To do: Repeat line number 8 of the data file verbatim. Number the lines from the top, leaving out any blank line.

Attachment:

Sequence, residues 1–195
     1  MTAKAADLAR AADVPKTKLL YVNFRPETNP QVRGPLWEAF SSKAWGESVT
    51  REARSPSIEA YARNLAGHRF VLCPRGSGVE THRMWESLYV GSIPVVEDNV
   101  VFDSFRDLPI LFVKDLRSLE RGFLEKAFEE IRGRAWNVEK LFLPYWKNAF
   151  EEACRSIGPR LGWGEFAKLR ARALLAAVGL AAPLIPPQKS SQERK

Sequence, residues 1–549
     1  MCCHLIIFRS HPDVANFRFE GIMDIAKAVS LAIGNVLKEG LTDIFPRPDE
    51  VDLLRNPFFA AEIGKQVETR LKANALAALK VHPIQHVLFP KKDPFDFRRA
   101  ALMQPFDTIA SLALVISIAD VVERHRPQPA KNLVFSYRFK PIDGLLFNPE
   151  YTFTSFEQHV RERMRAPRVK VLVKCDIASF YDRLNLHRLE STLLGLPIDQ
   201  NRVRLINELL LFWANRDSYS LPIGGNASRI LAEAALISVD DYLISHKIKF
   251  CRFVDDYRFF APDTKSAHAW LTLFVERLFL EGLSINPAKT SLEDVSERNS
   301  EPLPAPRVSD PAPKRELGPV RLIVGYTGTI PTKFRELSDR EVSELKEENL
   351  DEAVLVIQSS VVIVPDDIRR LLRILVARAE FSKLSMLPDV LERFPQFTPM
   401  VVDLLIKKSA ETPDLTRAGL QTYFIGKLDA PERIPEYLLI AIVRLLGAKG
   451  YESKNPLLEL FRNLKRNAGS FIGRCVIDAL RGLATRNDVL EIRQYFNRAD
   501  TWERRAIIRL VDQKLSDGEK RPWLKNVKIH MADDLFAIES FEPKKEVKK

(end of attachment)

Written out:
    51  VDLLRNPFFA AEIGKQVETR LKANALAALK VHPIQHVLFP KKDPFDFRRA